Surviving the crunch: A financial guide for busy families
Raising a family can put all kinds of pressure on your time and money. Here are a few pointers to help you navigate the “crunch,” so you can be better prepared for the future.
Building a house can be a major undertaking for a family with small kids. Not only can it take a big bite out of your daily cashflow, but it may also leave less room for other objectives, like saving for the kids’ post-secondary school education and, eventually, retirement.
That was the situation for one family working with Natasha Kovacs, Senior Financial Planner, TD Wealth. “It was keeping them up at night,” she says.
TD clients Nick and Justina discuss how they balance their family commitments with their business venture.
Raising a young family is typically one of the most rewarding phases of adulthood. But it can also be a financially strenuous period as parents juggle diverse and competing expenses, including mortgage payments, groceries, extra-curricular activities for the kids and unexpected emergencies like a leaky roof. On top of that, families may have medium-term goals, such as trying to put money toward a vacation once a year or buying a cottage. Lastly, they may also be hoping to save some money so they can retire comfortably.
You can call all those competing demands the “crunch zone.”
And with inflation hovering around 6% and interest rates significantly higher, there’s an extra layer of pressure these last few years. Add in endless money advice in the media at every turn and things can get complicated.
But Kovacs says there is a way to find stability amid the crunch.
“A financial plan helps customize how and when you will likely achieve a goal. It is specific and tailored to you,” Kovacs says.
Setting clear long-term goals is the first step. Like others, your foremost long-term goal might be to retire comfortably, or it may be something else entirely. Everyone’s different when it comes to what they want to do with their money in the future.
Once you define your goals, the next step is to make a plan to help ensure you can achieve them. After all, your government pension alone may not be enough to help fund the lifestyle you want in retirement. Having a financial plan in place will also help you figure out what you need to prioritize amid the chaos of your busy life.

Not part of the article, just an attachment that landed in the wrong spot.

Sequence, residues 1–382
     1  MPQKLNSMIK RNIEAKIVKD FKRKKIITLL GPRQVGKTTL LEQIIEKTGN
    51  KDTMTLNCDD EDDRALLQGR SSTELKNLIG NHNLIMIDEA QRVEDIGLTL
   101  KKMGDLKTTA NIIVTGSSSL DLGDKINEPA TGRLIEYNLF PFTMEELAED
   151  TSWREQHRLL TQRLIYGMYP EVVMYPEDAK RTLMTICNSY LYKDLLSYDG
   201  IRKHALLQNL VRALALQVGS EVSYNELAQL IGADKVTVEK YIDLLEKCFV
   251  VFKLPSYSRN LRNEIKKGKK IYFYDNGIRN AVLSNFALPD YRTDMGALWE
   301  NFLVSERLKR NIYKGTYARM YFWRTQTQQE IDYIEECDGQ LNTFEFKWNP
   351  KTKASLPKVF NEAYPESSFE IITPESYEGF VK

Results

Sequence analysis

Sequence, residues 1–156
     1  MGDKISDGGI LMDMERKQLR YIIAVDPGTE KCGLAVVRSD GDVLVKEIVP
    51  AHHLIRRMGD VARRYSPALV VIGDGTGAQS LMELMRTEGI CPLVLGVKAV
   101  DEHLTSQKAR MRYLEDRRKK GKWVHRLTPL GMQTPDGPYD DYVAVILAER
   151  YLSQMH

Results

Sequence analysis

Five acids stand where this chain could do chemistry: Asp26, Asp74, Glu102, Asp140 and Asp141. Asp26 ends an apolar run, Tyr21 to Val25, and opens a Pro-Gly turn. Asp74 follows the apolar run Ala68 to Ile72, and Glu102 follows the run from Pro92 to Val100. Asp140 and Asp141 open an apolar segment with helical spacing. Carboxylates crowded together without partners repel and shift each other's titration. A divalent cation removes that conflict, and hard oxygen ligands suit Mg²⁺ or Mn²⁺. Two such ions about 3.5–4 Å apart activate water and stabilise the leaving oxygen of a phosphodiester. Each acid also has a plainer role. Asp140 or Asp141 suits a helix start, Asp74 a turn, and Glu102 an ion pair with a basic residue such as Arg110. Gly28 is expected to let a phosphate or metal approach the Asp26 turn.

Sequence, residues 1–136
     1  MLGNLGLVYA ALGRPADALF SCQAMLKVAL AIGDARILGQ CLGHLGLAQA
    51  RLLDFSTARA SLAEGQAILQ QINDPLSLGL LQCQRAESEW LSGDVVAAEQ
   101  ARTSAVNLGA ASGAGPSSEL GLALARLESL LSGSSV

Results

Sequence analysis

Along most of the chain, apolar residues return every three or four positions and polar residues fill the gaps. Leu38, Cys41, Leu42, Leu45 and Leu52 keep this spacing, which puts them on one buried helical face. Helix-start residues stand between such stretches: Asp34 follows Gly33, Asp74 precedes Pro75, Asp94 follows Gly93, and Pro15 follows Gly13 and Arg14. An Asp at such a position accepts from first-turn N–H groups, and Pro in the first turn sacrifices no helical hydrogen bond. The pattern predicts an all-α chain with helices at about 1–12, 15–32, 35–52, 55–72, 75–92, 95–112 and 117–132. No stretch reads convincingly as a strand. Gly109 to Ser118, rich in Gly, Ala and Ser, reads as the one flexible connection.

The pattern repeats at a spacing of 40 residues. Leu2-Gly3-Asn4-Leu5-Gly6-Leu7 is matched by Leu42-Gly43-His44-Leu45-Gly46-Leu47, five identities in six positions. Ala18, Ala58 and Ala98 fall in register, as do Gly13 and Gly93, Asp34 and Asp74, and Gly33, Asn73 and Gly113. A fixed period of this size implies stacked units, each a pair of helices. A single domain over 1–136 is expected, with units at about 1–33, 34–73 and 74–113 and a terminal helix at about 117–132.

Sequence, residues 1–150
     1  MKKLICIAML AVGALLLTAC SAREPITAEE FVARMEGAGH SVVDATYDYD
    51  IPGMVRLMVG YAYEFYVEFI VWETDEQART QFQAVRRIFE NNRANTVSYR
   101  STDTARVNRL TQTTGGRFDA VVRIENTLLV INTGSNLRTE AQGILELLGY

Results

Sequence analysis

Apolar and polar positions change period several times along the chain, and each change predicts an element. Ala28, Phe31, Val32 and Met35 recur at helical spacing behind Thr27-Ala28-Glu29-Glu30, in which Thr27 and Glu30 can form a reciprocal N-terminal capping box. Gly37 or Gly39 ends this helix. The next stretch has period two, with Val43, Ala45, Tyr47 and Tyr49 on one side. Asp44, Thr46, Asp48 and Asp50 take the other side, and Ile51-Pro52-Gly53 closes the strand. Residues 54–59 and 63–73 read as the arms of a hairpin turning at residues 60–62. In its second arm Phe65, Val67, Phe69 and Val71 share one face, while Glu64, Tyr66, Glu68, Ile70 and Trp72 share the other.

Managing the pressures of the crunch zone, developing a financial plan and staying on track with your retirement goals can be Herculean tasks for a busy family to take on alone. Kovacs was able to speak to her clients about their building project and helped them question whether they needed all the expensive upgrades they were planning. Eventually, while the home was still under construction, money was redirected into their longer-term financial goals.
Here are some more things to consider as you set your own goals, map out a financial plan and navigate the crunch zone:
Be cash-flow conscious and create a budget
“My top tip for managing cash flow is to have a budget and review it,” Kovacs says. Being aware of your cash flow (your income minus expenses over a set period of time) can help you understand what direction your overall finances are headed in.
The cornerstone of an effective budget is your net income. She says you should record all the money coming in and all the money going out. You should also include the details of not only what you spend your money on, but also where you want to direct your money for future goals. From there, you’ll want to consistently track your spending and adjust if needed to stay on budget.
A budget can also help you determine how much money is going toward essentials — non-discretionary spending — and how much you can allocate toward discretionary spending.